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We Met Online
At a time when the only people hanging out online were perverts and axe murderers
We met online at a time when, according to common knowledge, the only people hanging out online were perverts and axe murderers.
But, hey, I was also hanging out online, so that couldn’t be true for everybody.
The site doesn’t exist anymore, and I’m not sure what compelled me to join it in the first place, but here was the schtick: You post a single profile photo, and people rate you 1-10 solely based on how you look. It was a terrible site. I have no idea what my rating was, or if I ever even got one, because it was quickly obvious the only people getting close to a 10 were actual models or mostly naked women. Which, fine, if that’s your thing. It wasn’t mine. Case in point: This was my profile photo:
I did meet a few people from the site, though—guys who would instant message me and strike up a chat.
He was one of those guys. I talked to him for a few weeks—first online, and then on the phone—before I agreed to meet with him in person. His friends vetted me over the phone, a fact I found weirdly sweet and protective. And, after a month, we agreed to meet in person.
We’d be leaving straight from my job for a concert at Paradise Rock Club right up the street. I really gussied myself up for the event in a versatile outfit consisting of my best pair of JNCO jeans, topped with a boxy blue men’s t-shirt 2 sizes too big for me. Probably also some Vans knock-offs on my feet.
All shift, as I stocked shelves and counted out change, I fought to keep down the butterflies. The guy was cute. And, on top of that, he seemed sweet and well-adjusted. The hum in my chest intensified every time the automatic doors slid open, and disappointment tingled my extremities when it wasn’t him. What if he didn’t come? I mean, why would he, really? I was just some girl on the internet. Nothing special.
But then, just as I was tamping down the nerves for the five-hundredth time, there he was. He was even cuter in person. I couldn’t believe my luck! When he walked through the door and around to the front of the customer service counter, though, I was met with a surprise.
He had brought a friend.
“Is it okay if he tags along?” he said.
Friend interjected, in a very Boston accent, “I want to make sure you’re going to do right by my friend here.”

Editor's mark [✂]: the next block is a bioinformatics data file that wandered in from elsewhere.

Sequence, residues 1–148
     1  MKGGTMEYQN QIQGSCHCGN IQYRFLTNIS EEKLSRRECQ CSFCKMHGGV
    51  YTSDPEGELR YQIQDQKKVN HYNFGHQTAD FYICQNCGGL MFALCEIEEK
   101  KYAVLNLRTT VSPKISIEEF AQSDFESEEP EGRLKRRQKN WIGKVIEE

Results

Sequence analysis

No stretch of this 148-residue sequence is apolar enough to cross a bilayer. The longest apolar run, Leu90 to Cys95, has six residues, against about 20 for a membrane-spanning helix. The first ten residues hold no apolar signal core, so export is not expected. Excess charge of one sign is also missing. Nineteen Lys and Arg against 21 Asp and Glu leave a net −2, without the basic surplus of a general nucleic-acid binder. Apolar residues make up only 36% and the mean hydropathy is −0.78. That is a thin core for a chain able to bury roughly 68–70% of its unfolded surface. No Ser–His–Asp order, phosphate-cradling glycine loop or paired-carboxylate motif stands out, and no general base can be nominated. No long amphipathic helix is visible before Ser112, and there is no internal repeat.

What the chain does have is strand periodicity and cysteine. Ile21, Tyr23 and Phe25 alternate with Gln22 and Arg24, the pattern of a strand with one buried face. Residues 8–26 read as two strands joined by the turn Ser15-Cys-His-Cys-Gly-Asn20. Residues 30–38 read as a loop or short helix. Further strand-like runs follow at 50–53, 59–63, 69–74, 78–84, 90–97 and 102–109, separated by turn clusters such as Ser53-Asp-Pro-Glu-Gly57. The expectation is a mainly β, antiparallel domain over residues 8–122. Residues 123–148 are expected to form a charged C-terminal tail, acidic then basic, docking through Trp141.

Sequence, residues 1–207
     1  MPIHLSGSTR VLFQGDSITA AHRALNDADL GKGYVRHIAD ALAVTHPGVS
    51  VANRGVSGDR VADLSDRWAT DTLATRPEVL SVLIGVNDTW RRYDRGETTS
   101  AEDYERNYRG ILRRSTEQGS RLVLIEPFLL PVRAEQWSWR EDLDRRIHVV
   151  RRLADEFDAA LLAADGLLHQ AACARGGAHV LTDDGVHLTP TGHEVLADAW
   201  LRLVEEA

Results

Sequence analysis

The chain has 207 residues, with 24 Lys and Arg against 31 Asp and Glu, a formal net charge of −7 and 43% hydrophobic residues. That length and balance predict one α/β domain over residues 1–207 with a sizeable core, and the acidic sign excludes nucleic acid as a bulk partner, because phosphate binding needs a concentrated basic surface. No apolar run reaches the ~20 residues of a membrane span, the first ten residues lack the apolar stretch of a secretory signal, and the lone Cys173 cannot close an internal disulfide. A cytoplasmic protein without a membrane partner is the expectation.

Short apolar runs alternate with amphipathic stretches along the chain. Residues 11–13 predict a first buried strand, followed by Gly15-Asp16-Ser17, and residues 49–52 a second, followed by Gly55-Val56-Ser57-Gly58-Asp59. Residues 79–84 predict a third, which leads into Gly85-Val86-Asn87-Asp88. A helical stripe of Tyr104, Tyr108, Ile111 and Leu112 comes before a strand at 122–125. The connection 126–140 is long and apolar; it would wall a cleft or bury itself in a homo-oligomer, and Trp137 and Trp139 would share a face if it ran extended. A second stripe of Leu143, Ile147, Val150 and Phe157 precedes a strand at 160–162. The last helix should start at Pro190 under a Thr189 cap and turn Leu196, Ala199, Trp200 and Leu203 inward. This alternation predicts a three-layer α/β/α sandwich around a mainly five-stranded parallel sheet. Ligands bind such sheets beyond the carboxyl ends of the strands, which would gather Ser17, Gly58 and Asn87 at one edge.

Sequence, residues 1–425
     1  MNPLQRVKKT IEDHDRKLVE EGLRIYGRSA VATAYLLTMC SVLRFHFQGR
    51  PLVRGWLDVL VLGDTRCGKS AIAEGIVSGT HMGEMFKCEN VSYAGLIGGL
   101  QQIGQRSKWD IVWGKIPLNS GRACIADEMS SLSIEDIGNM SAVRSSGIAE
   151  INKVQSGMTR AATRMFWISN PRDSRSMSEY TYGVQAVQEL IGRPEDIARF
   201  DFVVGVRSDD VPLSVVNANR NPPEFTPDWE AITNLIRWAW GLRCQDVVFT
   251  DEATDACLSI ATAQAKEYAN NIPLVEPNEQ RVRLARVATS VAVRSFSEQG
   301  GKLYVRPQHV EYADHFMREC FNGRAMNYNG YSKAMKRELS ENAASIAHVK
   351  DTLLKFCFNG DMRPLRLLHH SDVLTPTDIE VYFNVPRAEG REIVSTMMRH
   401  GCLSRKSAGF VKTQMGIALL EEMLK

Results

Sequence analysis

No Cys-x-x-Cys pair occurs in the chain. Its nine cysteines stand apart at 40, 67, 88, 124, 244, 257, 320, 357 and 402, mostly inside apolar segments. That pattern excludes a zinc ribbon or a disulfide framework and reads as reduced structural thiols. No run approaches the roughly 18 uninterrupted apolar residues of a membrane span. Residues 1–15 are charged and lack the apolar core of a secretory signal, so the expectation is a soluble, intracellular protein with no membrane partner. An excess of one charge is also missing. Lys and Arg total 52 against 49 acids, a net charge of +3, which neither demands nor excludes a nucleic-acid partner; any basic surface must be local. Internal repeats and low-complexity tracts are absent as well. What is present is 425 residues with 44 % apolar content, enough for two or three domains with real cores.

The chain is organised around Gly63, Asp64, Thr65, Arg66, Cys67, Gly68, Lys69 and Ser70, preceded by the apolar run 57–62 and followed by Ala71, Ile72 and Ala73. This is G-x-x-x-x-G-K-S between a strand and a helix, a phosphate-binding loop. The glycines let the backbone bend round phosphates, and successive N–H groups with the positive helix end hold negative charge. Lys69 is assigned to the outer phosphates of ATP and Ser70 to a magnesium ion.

Sure, it was weird. And, based on some—okay, all—of my previous experiences, some might say I wasn’t a terribly good judge of character. But I was a new woman now, making better decisions. They were both totally normal young men, and I knew them both not just from the internet but also from the telephone. They definitely were not perverts or axe murderers. And they’d come all this way. Might as well have a good time.
“I parked over there,” the guy said as we left, gesturing to an 80something Ford parked a ways down the street. “Is that cool?”
“Should be fine,” I said. I hadn’t ever driven a car in the city; in three years at an urban university with adequate enough train service, I hadn’t needed one. But it was too late for the meters to be running, and I guessed it was just a park-the-car-and-come-back-for-it-later situation.
I hadn’t realized the concert was 21 and over. Sadly, though we were close in age, the guys were above that threshold and I, below. The bouncer turned me away at the door and my sails deflated. I couldn’t help my age, and he had known it from the beginning, but that didn’t stop me from flushing with embarrassment.
But he wasn’t fazed. “Oh, well,” he shrugged. “Dinner?”
I was so focused on the concert I hadn’t thought about dinner, but there was a Chinese restaurant next door, and so the three of us ended up there instead. Afterward, I suggested we all go back to my place. (You can relax. I feel you tensing up, but this isn’t that kind of story.)
I had a bunch of roommates back then, but none of them were home, and so the three of us hung out in my living room and watched one of the two movies on our shelf: High Fidelity. At this point, 21 years later, the only thing I remember about the film is that we hated it. All three of us. By halfway through, we were just having our own conversation, throwing out a jab at the movie every now and again because, for some reason, we let it run in the background.
Then the movie was over, and it was one in the morning, and the only logical thing was for the guys to go home and for me go to to bed.
I walked them out to the main street, and then up to where they’d parked, but as we approached I began sensing something was wrong.
“Um,” he said.
We had walked for three blocks at that point, and—
“Where’s your car?” asked Friend.
—there wasn’t a single car parked on this side of the street.
“Oh, no,” I said.
To Be Continued next week! This essay is a response/reflection based on's recent series of posts about how he and his wife came to be. This inspired me to write down the story that's been in my head (and of course my heart) for 21 years now. But, truly, it is too long for one essay. So, while I hadn't intended to copy Alex's three-act format wholesale, I might end up doing so. Hope you enjoy (and that you stick around for next week)!
Let me know your thoughts in the comments! What do you think is going to happen next? How were you feeling as you read this? Do you have any funny/romantic/weird date stories? Tell me!
P.S. Here’s that post from Alex.